Breaking Down Retaliation Claims

Kristen Kraus

By Kristen Kraus

In a recent publication, the Equal Employment Opportunity Commission (EEOC) noted that complaints of retaliation had doubled over the past 20 years. As a result, retaliation is now the most frequently alleged basis of discrimination. But what exactly is retaliation? Can an employee claim retaliation any time an employer takes action against an employee complains about his or her work? The short answer is no. A retaliation claim is one that challenges action taken as a result of equal employment opportunity-related (EEO) activity. To establish a claim for retaliation, an employee must prove three things: (1) That the employee engaged in protected activity; (2) that there was a materially adverse action taken by the employer; and (3) that there is a causal connection between the protected activity and the materially adverse action.

Protected activity includes either participating in an EEO process or opposing discrimination. Participating in an EEO process can include filing a charge with the EEOC, filing a lawsuit, testifying as a witness, or participating in an investigation. Participation in a protected activity can also include less formal activity such as filing an EEO related complaint with human resources. Opposition includes any activity where the employee communicates a belief that the employer has engaged in an EEO violation. Whether based on participation or opposing discrimination, an employee does not have to prove that the employer’s conduct is unlawful. Rather, as long as the employee has a good faith belief that the underlying conduct was unlawful, a claim for retaliation may still exist.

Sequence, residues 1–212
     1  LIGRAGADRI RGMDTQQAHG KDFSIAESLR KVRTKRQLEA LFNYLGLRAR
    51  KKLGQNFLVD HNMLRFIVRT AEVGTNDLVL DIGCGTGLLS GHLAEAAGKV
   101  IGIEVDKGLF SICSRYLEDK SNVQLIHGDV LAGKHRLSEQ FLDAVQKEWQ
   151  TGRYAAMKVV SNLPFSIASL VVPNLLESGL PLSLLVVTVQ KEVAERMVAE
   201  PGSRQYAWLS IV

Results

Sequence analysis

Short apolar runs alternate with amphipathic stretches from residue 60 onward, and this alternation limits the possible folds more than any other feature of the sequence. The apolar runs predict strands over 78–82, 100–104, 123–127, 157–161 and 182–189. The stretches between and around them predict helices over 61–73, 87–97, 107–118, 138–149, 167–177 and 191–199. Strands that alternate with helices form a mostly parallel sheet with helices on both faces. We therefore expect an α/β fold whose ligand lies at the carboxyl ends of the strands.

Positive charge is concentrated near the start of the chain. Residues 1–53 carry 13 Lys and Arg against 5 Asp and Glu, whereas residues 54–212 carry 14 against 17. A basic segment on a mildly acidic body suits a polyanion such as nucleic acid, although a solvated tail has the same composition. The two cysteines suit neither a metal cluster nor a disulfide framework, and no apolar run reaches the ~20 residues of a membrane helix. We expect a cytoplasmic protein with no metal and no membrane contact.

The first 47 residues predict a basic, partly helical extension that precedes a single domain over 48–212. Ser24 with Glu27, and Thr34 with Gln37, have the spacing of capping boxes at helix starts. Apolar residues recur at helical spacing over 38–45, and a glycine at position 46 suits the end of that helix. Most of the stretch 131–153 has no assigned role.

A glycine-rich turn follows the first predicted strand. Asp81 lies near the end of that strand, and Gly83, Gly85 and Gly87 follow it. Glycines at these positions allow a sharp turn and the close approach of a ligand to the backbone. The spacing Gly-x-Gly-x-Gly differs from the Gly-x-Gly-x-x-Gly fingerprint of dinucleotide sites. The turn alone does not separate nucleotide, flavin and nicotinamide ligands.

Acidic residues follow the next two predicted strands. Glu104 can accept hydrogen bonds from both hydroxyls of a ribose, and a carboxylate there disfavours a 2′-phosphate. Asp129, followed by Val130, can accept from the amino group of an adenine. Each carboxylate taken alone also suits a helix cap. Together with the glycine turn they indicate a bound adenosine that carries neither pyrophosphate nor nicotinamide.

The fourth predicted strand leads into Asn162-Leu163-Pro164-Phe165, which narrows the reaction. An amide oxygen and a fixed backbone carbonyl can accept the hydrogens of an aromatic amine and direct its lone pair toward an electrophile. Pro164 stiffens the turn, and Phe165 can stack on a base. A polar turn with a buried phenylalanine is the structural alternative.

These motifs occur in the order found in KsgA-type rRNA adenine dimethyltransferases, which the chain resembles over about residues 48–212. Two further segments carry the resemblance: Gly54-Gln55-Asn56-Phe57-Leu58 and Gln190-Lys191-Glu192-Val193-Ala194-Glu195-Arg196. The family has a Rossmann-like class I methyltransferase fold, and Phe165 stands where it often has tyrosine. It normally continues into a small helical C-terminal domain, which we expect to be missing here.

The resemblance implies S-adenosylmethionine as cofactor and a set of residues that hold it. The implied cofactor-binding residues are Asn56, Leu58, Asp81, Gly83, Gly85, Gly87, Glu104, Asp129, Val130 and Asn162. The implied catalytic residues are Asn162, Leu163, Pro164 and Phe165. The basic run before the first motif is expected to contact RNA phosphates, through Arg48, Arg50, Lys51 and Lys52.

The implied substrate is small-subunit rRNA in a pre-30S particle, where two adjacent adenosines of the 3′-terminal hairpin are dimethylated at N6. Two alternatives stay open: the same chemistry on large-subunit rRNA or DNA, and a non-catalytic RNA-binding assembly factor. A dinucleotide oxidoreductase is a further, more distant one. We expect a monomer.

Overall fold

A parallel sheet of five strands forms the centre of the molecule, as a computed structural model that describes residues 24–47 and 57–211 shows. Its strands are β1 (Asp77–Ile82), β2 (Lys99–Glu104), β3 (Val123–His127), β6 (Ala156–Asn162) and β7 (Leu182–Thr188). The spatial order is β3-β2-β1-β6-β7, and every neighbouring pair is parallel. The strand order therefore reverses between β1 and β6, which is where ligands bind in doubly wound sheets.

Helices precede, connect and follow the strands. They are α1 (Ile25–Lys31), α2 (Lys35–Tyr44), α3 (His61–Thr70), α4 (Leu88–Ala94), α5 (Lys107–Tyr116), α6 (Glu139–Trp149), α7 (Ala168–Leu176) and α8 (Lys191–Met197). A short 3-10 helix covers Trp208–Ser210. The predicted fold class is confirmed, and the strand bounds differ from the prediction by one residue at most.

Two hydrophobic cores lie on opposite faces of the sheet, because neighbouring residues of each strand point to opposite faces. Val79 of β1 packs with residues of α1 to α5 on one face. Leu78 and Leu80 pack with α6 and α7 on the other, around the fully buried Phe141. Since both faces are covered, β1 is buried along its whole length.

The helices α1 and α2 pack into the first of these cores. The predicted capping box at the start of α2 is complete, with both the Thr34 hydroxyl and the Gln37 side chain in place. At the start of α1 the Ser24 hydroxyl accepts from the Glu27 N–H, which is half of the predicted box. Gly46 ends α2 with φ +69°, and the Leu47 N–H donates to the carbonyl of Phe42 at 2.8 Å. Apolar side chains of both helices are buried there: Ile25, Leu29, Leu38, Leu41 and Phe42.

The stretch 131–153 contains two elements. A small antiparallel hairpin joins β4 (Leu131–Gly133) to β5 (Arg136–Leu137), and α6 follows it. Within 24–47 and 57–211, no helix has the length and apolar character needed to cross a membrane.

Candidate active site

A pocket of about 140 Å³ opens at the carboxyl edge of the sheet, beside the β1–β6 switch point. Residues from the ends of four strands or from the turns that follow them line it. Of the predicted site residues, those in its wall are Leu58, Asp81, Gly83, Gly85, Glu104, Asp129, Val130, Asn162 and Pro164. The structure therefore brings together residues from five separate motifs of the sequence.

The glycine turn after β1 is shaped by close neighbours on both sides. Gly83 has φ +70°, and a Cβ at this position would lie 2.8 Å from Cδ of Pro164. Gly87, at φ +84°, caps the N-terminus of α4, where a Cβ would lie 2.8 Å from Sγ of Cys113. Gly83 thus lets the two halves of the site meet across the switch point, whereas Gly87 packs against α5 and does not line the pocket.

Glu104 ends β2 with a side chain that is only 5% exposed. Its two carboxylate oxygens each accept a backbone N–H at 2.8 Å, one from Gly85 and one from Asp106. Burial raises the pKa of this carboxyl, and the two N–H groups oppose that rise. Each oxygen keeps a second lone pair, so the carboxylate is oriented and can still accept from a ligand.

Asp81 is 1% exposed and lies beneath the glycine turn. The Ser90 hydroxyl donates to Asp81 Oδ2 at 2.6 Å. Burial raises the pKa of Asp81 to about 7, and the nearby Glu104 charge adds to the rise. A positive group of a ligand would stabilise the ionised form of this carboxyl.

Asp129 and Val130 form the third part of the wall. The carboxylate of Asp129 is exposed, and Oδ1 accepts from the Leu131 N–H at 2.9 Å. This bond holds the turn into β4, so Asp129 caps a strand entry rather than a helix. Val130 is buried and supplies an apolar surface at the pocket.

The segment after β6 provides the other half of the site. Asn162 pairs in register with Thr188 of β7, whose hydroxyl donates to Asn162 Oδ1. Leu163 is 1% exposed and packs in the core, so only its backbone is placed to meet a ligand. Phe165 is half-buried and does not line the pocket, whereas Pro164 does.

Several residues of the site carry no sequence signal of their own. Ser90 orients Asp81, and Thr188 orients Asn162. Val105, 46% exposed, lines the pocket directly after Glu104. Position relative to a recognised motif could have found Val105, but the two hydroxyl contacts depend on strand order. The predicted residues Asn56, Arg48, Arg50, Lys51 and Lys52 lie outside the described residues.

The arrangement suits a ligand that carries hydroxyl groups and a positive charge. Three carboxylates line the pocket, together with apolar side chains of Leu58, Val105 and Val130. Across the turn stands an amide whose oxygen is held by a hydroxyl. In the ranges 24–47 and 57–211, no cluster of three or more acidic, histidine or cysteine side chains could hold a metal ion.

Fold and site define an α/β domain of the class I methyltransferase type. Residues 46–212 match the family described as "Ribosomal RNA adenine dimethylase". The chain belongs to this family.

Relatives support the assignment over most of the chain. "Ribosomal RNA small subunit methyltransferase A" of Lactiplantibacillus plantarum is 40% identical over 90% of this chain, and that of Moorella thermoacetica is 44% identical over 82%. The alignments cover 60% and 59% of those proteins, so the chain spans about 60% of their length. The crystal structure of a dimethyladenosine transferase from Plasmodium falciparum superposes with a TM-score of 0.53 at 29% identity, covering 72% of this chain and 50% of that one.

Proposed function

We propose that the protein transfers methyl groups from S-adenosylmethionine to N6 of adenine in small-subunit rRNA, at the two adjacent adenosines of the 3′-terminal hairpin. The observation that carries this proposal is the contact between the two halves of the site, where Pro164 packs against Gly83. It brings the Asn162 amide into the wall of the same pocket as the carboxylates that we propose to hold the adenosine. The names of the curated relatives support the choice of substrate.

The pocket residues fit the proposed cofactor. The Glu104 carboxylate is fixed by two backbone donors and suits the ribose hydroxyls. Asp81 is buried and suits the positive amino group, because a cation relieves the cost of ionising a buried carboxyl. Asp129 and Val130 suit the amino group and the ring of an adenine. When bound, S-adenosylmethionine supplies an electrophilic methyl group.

Title VII of the Civil Rights Act of 1964, the Age Discrimination and Employment Act, Title V of the Americans with Disabilities Act, Section 501 of the Rehabilitation Act, the Equal Pay Act and Title II of the Genetic Information Non-Discrimination Act all contain anti-retaliation provisions. The EEOC has jurisdiction to investigate claims of retaliation involving all of these laws and for most of these laws, an employee is required to file a charge with the EEOC before bringing a lawsuit. There are other laws, some of which we have already discussed, which also contain antiretaliation provisions. This would include the Family Medical Leave Act and the Fair Labor Standards Act; however, the EEOC does not have jurisdiction to investigate violations of these laws.

One law that we have not previously discussed is the National Labor Relations Act (NLRA). The NLRA does not just apply to those who are already members of a union. The NLRA prevents employers from retaliating against employees who seek to improve their working conditions through attempting to form a union or even those who discuss wages and working conditions.